# 15.3.1: Electronic Configuration

- Page ID
- 56947

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Often, but not always, the periodic table will include one or two sets of symbols intended to convey information about the ground state of the atom’s electron cloud. The one seen more rarely includes information about the spin, orbital, and total angular momentum of the atom. In the NIST entry for Aluminum above, you can see this information in the upper right as \({ }^{2} \mathrm{P}_{1 / 2}^{\mathrm{O}}\). The letter in the middle represents the total orbital angular momentum of all of the electrons the atom put together; S means \(l = 0\), P means \(l = 1\), D means \(l = 2\), and F means \(l = 3\). For Hydrogen, the single electron is in the \(1s\) orbital, which has no orbital angular momentum, so that letter is S. For Aluminum, the letter is P. This results from the single electron in the \(3p\) state. There are two electrons in each of the \(1s, 2s\), and \(3s\) states, and none of them have any orbital angular momentum. However, for Aluminum, there are also six electrons in the \(2p\) state. But, because that shell is filled, there will be as many electrons with \(z\)-angular momentum of \(+\hbar\) as there are with \(-\hbar\) (two each, in this case), so all of their orbital angular momentum cancels out.

The superscripted number before the letter tells you about the electron spin state. It is equal to \(2 s+1\), where \(s\) is the net electron spin divided by \(\hbar\). For Hydrogen, this is \({ }^{2} S_{1 / 2}\). In Hydrogen, the net electron spin is 1/2, because there is just one electron that has spin \(+\hbar / 2\), so \(2s = 1\). In Helium, that number is 1, because the two electrons have spins in the opposite directions, so \(s = 0\). For aluminum, the net electron spin is the result of a single electron in the \(2p\) state (as all of the filled states will have as many spin up as spin down electrons, thereby cancelling out each other’s angular momentum). Thus, the net electron spin is 1/2 (as always in units of \(\hbar\)), so the number we see in the example above is (2)(1/2) + 1 = 2. Finally, the subscripted number after the letter is \(J\), the quantum number associated with the total electronic angular momentum of the atom. \(J\) represents a combination of orbital and spin angular momentum for the electrons. For Hydrogen, \(J = 1/2\), because the angular momentum is entirely in the spin of the electron; for Aluminum, it’s also \(J = 1/2\), but the reason is more complicated. Both the spin and orbit of the \(3p\) electron contribute, but it would have been possible for them to combine yielding either \(J = 1/2\) or \(J = 3/2\). For Helium \(J = 0\) because there is no net angular momentum: there’s no orbital angular momentum for two electrons in the \(1s\) state, and the two spins cancel each other out. (As a caution, adding angular momenta in quantum mechanics can become complicated for cases with higher numbers than these examples.^{1}) Similar to what we see with orbital angular momentum, the physical amount of angular momentum for an atom with total orbital quantum number J is \(\hbar \sqrt{J(J+1)}\).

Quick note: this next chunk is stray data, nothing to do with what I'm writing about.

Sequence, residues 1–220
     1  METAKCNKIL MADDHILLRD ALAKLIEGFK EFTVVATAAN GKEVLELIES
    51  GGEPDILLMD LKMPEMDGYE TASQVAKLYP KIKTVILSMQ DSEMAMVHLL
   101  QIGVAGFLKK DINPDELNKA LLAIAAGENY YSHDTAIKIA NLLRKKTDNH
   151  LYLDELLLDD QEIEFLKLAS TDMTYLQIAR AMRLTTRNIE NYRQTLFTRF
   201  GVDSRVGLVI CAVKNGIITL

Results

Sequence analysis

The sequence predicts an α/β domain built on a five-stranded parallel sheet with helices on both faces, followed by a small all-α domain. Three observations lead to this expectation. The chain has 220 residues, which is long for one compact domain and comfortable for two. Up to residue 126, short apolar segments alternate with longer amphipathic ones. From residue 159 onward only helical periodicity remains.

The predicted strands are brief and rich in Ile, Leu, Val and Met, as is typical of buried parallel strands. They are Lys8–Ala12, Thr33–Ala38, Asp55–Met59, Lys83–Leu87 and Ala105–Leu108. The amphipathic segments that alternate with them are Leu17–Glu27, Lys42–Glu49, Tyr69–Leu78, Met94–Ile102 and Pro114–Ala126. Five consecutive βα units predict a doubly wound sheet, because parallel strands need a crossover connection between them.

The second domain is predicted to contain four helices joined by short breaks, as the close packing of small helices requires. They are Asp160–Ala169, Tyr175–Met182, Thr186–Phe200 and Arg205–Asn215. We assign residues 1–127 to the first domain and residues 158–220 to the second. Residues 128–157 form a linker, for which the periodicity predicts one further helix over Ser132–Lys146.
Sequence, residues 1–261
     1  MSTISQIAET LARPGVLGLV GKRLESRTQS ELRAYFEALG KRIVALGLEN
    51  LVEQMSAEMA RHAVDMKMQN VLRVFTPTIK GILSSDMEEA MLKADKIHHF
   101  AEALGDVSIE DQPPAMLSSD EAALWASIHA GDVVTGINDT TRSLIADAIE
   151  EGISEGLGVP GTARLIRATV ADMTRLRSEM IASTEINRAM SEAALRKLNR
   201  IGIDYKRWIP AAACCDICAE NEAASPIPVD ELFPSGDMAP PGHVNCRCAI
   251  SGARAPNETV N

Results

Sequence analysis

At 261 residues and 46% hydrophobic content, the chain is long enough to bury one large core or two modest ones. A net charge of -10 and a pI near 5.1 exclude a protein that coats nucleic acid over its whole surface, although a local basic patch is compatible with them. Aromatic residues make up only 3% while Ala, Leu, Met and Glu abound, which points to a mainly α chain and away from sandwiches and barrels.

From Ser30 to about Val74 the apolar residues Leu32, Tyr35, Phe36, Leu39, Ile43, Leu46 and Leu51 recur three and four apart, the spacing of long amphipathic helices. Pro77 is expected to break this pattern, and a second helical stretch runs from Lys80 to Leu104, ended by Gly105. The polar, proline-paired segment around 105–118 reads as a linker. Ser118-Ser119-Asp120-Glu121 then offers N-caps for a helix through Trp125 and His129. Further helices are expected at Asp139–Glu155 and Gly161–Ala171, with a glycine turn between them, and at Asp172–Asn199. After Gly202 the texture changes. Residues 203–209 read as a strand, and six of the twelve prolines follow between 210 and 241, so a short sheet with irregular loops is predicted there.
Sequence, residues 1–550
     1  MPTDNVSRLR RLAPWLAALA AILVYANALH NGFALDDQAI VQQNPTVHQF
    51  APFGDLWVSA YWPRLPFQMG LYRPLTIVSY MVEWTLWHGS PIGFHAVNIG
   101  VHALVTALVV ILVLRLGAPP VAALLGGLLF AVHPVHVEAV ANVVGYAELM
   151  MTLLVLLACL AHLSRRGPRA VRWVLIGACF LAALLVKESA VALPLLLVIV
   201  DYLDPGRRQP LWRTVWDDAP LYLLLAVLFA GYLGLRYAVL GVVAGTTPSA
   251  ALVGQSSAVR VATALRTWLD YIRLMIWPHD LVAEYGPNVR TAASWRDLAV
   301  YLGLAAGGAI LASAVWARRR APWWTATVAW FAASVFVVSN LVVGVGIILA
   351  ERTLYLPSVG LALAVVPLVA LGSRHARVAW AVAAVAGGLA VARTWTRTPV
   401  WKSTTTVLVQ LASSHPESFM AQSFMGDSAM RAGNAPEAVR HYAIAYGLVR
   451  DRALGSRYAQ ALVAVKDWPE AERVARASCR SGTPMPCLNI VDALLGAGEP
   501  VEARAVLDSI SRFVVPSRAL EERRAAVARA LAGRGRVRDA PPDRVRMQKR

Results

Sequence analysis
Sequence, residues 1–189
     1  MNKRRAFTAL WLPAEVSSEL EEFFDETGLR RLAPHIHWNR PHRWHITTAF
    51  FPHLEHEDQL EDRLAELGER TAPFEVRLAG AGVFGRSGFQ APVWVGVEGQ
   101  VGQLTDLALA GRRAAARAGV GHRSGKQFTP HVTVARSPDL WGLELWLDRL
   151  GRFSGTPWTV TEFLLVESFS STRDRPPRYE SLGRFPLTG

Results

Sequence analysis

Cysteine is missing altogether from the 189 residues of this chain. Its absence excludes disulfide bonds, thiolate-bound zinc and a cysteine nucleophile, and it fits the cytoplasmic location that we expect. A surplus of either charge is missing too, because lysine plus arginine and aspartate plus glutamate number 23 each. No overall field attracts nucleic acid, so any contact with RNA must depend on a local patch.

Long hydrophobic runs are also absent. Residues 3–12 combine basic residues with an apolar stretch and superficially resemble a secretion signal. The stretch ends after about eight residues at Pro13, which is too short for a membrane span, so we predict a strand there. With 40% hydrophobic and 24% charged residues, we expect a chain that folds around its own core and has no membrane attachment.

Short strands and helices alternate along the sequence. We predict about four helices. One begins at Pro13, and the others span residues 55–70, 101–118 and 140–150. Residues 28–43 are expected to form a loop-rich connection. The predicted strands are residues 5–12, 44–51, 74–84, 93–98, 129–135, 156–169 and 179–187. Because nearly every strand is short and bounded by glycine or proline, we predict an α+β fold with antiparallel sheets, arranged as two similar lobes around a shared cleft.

(The superscripted O— it’s a capital O, not a zero— on the notation you see for Aluminum indicates that Aluminum has “odd parity”. Parity is another quantum property that you don’t need to worry about here.)

You may also see a series of letters and numbers that tell you how many electrons there are in each orbital. For Hydrogen, this is \(1 s^{1}\). That is, there is but a single electron in the \(1s\) orbital. For Helium, it’s \(1 s^{2}\): there are two electrons in the \(1s\) orbital. For Nitrogen, it’s \(1 s^{2} 2 s^{2} 2 p^{3}\). The \(1s\) and \(1s\) orbitals are filled, and the \(2p\) orbital is half-filled. For periods after the second, it’s often conventional not to list the full state, but to list the noble gas that has the same configuration as the inner core of electrons, and then just the states of the electrons outside of that. In our example of Aluminum above, the configuration is \([\mathrm{Ne}] 3 s^{2} 3 p\). It’s got all the electrons that Neon does— \(1 s^{2} 2 s^{2} 2 p^{6}\) — plus an additional two electrons in the \(3s\) state and one in the 3p state.

The number at the very bottom of the box for Aluminum, 5.9858, is the ionization potential in eV for Aluminum. Many periodic tables will not include this number. This is the amount of energy it takes to remove one electron from the atom, forming a positive ion.

^{1}For example, with Aluminum, it turns out that for the total spin+orbit angular momentum of the \(3p\) electron to be in a definite state \(J = 1/2\), neither the orbital \(z\) component nor the spin \(z\) component may individually be in definite states. If we write the state of the \(3p\) electron as \(\left|m, s_{z}\right\rangle\), for an Aluminum atom to have \(J=1 / 2\) and \(J_{z}=1 / 2\) (i.e. we’ve specified the orientation as well as the total angular momentum of our Aluminum atom), then the angular momentum state of the outermost electron would be

\(\sqrt{\frac{2}{3}}|+1,-1 / 2\rangle-\sqrt{\frac{1}{3}}|0,+1 / 2\rangle\)